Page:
The Vancouver Canucks selected Tom Willander with the No. 11 pick.
Willander, a six-foot-one, 180-pound defenceman, had 25 points (four goals, 21 assists) in 39 games for Rogle BK’s under-20 team in Sweden.
The 18-year-old Swede grew up a Canucks fan thanks to countrymen Daniel and Henrik Sedin.
Willander has committed to join the NCAA’s Boston University as a freshman next season.
The Canucks missed the playoffs last season for a third consecutive year after going 38-37-7 and finishing sixth in the Pacific division. They went 20-12-4 after head coach Rick Tocchet replaced Bruce Boudreau in January.
Vancouver is set to make six more selections, starting with No. 75, when the draft continues with Rounds 2-7 on Thursday.
General manager Patrik Allvin had spoken about the possibility of trading up in the draft order but the team opted to stay at the 11th overall pick.
IT'S AMAZING.— Vancouver Canucks (@Canucks) June 29, 2023
🗣️ TOM WILLANDER IS A VANCOUVER CANUCK! pic.twitter.com/X0wCry04VS
The Calgary Flames took Slovakian forward Samuel Honzek 16th and the Winnipeg Jets picked Owen Sound Attack winger Colby Barlow at 18.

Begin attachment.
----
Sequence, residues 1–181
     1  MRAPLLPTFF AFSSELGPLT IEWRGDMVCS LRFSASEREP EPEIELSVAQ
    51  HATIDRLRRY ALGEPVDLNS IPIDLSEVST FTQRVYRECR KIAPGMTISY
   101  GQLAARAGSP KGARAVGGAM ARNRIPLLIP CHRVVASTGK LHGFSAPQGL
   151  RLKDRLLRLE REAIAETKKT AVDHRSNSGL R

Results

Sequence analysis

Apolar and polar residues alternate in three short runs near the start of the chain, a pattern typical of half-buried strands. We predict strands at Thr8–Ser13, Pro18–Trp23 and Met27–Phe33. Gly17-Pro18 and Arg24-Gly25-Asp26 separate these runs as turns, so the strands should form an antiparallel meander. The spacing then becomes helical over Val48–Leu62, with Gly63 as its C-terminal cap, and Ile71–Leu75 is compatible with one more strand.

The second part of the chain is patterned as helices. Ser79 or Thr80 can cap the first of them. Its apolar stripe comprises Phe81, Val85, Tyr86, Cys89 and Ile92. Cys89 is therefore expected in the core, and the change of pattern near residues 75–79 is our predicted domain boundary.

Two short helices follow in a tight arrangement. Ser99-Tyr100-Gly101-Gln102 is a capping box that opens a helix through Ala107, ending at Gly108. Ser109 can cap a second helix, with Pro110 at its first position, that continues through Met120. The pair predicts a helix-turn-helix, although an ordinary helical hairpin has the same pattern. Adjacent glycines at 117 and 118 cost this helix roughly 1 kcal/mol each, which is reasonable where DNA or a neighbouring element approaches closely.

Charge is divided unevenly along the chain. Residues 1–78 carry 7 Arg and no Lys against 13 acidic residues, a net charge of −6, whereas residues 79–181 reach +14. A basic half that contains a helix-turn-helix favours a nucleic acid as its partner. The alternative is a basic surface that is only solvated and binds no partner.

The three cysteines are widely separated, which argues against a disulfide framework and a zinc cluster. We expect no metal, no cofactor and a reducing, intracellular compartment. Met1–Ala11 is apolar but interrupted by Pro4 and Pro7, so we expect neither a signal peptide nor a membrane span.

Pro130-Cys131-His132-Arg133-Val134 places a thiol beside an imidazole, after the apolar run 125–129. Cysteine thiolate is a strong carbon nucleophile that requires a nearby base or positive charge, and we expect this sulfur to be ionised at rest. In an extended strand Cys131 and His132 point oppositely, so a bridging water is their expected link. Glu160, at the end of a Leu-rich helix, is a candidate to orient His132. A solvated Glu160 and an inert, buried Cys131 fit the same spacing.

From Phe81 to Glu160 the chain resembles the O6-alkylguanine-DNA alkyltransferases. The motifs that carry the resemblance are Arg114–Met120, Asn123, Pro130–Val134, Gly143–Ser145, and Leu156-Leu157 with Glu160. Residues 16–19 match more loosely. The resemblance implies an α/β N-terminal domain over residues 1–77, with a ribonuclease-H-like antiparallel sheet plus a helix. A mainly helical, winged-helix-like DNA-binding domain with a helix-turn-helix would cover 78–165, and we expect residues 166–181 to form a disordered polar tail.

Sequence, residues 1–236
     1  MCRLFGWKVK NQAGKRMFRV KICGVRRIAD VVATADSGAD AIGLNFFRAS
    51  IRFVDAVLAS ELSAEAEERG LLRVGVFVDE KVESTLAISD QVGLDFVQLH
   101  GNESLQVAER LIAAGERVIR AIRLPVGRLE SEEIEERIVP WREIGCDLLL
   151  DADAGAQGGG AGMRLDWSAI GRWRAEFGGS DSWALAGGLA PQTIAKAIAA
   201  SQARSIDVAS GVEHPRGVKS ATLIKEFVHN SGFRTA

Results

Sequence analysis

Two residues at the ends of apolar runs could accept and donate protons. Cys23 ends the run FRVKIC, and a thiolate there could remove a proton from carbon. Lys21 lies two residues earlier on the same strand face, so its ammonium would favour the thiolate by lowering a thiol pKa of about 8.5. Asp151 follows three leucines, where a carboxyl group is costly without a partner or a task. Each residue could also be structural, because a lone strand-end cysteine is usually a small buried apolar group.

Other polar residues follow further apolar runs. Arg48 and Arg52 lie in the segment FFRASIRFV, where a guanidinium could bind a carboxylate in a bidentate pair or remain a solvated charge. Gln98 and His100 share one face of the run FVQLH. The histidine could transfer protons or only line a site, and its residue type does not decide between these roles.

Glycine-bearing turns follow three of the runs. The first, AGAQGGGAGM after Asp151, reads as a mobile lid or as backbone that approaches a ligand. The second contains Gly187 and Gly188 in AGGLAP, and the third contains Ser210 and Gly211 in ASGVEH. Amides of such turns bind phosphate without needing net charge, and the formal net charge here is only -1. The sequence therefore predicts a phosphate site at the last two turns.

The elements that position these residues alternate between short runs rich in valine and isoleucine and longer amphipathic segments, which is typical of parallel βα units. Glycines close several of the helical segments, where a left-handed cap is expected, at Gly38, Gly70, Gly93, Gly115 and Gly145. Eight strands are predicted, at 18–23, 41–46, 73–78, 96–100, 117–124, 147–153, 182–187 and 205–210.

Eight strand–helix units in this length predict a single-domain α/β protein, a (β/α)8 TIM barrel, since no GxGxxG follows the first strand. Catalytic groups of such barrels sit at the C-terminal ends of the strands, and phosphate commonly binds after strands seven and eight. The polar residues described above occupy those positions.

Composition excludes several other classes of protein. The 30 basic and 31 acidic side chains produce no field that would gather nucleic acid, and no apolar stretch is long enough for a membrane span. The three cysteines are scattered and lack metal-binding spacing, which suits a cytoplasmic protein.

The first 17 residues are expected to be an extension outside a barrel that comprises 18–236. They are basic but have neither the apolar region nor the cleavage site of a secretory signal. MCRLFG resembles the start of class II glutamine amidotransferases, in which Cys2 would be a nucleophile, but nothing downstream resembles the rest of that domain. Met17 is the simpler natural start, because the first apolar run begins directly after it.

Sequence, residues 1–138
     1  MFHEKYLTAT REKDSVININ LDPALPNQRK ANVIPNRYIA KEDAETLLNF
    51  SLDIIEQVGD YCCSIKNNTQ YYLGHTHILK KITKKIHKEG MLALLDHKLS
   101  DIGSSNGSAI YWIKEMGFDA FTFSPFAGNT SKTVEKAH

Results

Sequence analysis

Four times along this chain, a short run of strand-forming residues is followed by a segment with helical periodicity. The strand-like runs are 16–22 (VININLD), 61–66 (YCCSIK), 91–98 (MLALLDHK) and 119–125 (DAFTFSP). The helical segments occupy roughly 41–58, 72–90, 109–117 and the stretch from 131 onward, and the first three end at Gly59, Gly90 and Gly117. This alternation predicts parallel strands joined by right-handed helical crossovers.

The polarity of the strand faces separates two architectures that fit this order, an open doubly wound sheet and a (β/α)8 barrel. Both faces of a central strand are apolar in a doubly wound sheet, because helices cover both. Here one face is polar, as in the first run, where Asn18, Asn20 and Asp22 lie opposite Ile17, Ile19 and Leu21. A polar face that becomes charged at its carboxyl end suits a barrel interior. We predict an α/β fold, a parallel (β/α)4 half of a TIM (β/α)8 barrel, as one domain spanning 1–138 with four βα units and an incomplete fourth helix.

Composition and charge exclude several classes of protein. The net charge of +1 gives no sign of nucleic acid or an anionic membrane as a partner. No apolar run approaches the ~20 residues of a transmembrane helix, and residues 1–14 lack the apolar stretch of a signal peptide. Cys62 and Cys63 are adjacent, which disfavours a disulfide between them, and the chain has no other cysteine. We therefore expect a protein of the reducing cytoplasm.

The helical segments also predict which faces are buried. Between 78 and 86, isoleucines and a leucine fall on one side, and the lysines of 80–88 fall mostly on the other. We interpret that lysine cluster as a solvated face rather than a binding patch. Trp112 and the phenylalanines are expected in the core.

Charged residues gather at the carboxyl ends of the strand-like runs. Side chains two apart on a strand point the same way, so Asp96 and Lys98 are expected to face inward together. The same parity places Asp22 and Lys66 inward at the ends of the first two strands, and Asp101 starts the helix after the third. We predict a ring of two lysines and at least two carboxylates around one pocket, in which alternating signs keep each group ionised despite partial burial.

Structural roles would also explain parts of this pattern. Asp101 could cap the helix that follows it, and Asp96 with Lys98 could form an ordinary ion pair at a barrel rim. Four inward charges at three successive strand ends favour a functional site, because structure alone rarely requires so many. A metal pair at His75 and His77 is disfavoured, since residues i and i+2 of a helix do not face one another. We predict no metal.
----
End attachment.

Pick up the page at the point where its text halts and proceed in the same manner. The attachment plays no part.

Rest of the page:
The Toronto Maple Leafs drafted London Knights forward Easton Cowan 28th to round out the Canadian teams. Both the Edmonton Oilers and Ottawa Senators did not have first-round picks this year.
The host Nashville Predators took Nanaimo’s Matthew Wood with the 15th overall choice. Wood formerly played in the B.C. Hockey League with the Victoria Grizzlies before moving on to the University of Connecticut. Fellow BCHL product Bradley Nadeau of the Penticton Vees was taken 30th by the Carolina Hurricanes.
"I really loved my time in Victoria. I had some really great years there. Those seasons really helped prepare me for college. I’m really grateful to that organization, my coaches and my teammates, all the experiences I had there."— BCHL (@BCHockeyLeague) June 29, 2023
-Matthew Wood on his time in the BCHL pic.twitter.com/jgv5YLB6w4
Bedard’s coronation — just steps from Nashville’s famed Broadway strip where country music starts blaring at 11 a.m. and the party doesn’t end until the wee hours of the morning — opens the next chapter in one of the hockey’s world most-watched young careers.
Set to turn 18 on July 17, Bedard started garnering national attention five years ago.
He was granted exceptional status to become the first player to suit up in the WHL at age 15.
The COVID-19 pandemic cut his rookie season in Regina short, but he still managed 12 goals and 28 points in 15 games.
Bedard scored 51 goals and 100 points in 62 contests as a 16-year-old in 2021-22 before finding the back of the net a jaw-dropping 71 times in a 2022-23 campaign where it often looked like the sniper was simply toying with the opposition.